States are reopening bit by bit. This means that more public spaces are available for use and more and more businesses are being allowed to open again. The federal government is largely leaving the decision up to states, and some state leaders are leaving the decision up to local authorities. Even if you aren’t being told to stay at home, it’s still a good idea to limit trips outside and your interaction with other people.
What are the symptoms of coronavirus?
Common symptoms include fever, a dry cough, fatigue and difficulty breathing or shortness of breath. Some of these symptoms overlap with those of the flu, making detection difficult, but runny noses and stuffy sinuses are less common. The C.D.C. has also added chills, muscle pain, sore throat, headache and a new loss of the sense of taste or smell as symptoms to look out for. Most people fall ill five to seven days after exposure, but symptoms may appear in as few as two days or as many as 14 days.
How can I protect myself while flying?
If air travel is unavoidable, there are some steps you can take to protect yourself. Most important: Wash your hands often, and stop touching your face. If possible, choose a window seat. A study from Emory University found that during flu season, the safest place to sit on a plane is by a window, as people sitting in window seats had less contact with potentially sick people. Disinfect hard surfaces. When you get to your seat and your hands are clean, use disinfecting wipes to clean the hard surfaces at your seat like the head and arm rest, the seatbelt buckle, the remote, screen, seat back pocket and the tray table. If the seat is hard and nonporous or leather or pleather, you can wipe that down, too. (Using wipes on upholstered seats could lead to a wet seat and spreading of germs rather than killing them.)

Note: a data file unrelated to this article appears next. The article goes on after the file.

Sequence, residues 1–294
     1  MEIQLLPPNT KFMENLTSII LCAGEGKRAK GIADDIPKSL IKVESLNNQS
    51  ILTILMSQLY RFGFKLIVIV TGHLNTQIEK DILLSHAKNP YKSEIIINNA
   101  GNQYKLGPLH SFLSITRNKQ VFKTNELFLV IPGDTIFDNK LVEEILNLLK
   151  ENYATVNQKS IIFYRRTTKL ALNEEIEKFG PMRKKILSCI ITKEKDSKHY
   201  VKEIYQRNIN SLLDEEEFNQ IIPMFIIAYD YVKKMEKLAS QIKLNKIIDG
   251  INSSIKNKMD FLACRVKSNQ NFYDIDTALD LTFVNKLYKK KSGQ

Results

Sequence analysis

Should I wear a mask?
The C.D.C. has recommended that all Americans wear cloth masks if they go out in public. This is a shift in federal guidance reflecting new concerns that the coronavirus is being spread by infected people who have no symptoms. Until now, the C.D.C., like the W.H.O., has advised that ordinary people don’t need to wear masks unless they are sick and coughing. Part of the reason was to preserve medical-grade masks for health care workers who desperately need them at a time when they are in continuously short supply. Masks don’t replace hand washing and social distancing.
What should I do if I feel sick?
If you’ve been exposed to the coronavirus or think you have, and have a fever or symptoms like a cough or difficulty breathing, call a doctor. They should give you advice on whether you should be tested, how to get tested, and how to seek medical treatment without potentially infecting or exposing others.
“If we end up seeing a lot more community spread of Covid-19, I would anticipate that on their own, more businesses would shut back down,” said David Gerstenfeld, acting director of Oregon’s Employment Department, “and there might be more aggressive measures taken to stop the spread from getting out of control, which could lead to a spike in people getting laid off and seeking benefits.”Hugh Nixon, 52, understands the caution. But he also fears for his ability to work.After being laid off in early March as a welder in Portland, Ore., he filed for unemployment benefits. He heard nothing until this month, when after daily calls and more than a dozen unanswered emails, he learned that his application had been denied.He is appealing the decision. His wife, a manager who had to lay off many colleagues, is supporting him and their young daughter. Without health insurance, he cannot have the knee replacement surgery he had scheduled before the pandemic.Mr. Nixon, who peppers his conversation with exclamations of “gee willikers” and worries that employers will prefer younger workers over him, is now expanding his vegetable garden.“We’re setting up for the winter, because we know it’s going to be bad,” he said. “If I was a company, I wouldn’t be hiring right now, because you don’t want to bring somebody in and two weeks later have to let them go when everything shuts down again.”